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MailTribune.com
  • Passing the Peace

    Paper birds fly from the valley as a powerful symbol
  • If you've come across a brightly colored piece of paper folded into the shape of a bird and resting on a windowsill or a store shelf somewhere in the Rogue Valley, you've found a joyful wish for peace that began in 1955 in Japan.
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  • If you've come across a brightly colored piece of paper folded into the shape of a bird and resting on a windowsill or a store shelf somewhere in the Rogue Valley, you've found a joyful wish for peace that began in 1955 in Japan.
    Sadako Sasaki was 2 years old when the atomic bomb dropped on her home of Hiroshima, Japan, in 1945. She developed leukemia from radiation exposure and died at the age of 12 in 1955, but not before inspiring a legacy of passing on peace and goodwill.
    During her illness and hospitalization, Sadako worked to fold 1,000 origami paper cranes to fulfill a Japanese legend that promised healing. Though Sadako did not receive her wish, she has become a symbol around the world for peace, immortalized in the nonfiction children's book "Sadako and the Thousand Paper Cranes" by Eleanor Coerr.
    Half a century later and half a world away, Sadako's message is alive and active in the Rogue Valley. From a local church congregation to children at two Medford elementary schools, thousands of paper cranes are winging their away around the valley and to points farther afield, including a school in Massachusetts.
    Linda Tucker, associate pastor at First United Methodist Church of Medford, has always enjoyed practicing origami. A year ago, she was looking for a group project for her congregation and settled on the goal of folding 1,000 cranes. The church achieved that goal, and then took the cranes out into the world, leaving them around town and giving them as gifts to individuals. Enthusiastic about response to the project, Tucker doubled the challenge in 2013 to 2,000 cranes and offered folding lessons at the church. In 40 days, 59 church members ages 5 to 80 produced 5,000 cranes.
    "It touched a chord in people," Tucker said. "I knew it was moving to me to fold paper cranes, but to do it as a group — and what we accomplished — everyone had a sense of 'wow.' This year, after the Newtown shooting, we thought it would be great to show a sign of peace for our schools, that they needed a sign of goodwill and support."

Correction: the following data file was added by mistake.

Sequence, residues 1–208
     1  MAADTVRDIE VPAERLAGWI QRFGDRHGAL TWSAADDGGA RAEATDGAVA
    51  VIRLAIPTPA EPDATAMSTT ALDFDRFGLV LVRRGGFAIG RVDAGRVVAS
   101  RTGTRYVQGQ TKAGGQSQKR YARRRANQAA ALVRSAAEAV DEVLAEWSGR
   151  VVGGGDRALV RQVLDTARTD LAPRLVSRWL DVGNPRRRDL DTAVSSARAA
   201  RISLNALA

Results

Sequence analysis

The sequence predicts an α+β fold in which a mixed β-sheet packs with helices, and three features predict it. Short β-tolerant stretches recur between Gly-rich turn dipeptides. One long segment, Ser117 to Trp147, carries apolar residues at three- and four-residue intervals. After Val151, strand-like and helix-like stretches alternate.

Tucker collected the 5,000 cranes into rainbow-hued hangings. In April, the church gifted hangings to five Medford elementary schools: Jackson, Hoover, Roosevelt, Kennedy and Washington. All the schools were thrilled to receive the beautiful artwork and displayed the hangings prominently, but that was just the beginning of passing the peace.
    At Roosevelt, two sixth-grade teachers saw the cranes as an opportunity for their students to take action. The Boston Marathon bombing occurred on April 18, taking the life of an 8-year-old child. Cathy Gerritsma and Steve Hassen proposed that their classes fold 1,000 cranes and send them to the victim's school as a show of support.
    "The kids wanted to do it," Gerritsma said. "I taught the kids how to fold, and then Steve led the classes in a letter-writing effort."
    In about three weeks, 59 students folded the 1,000 cranes and wrote accompanying letters.
    "I think it shows that kids do care," Gerritsma said. "We've got some kids with some pretty tough living conditions of their own, but they still want to reach out to others and say, 'We are thinking of you and want to help.' The excitement of all of us doing this project together has been very bonding."
    At Hoover, Principal Lynn Cataldo was happily surprised by the gift of the peace-crane hanging, immediately seeing a connection to a budding origami club of students.
    "When Linda brought in the crane piece, I shared with her about our new origami club led by sixth-grader Max Johnson," Cataldo said. "Linda was very enthusiastic about it, and she has now stepped in as a volunteer to help Max, so we've been able to expand the club to grades three to six because of her help."
    Tucker now teaches origami to 20 or more Hoover students each week, assisting student leaders Johnson and Parker Landon. The first lesson: peace cranes.
    "When people see them, they do smile, even if they don't know it's a peace crane," Tucker said. "It doesn't seem like anything, just a piece of paper, but it does have more power than might be obvious."
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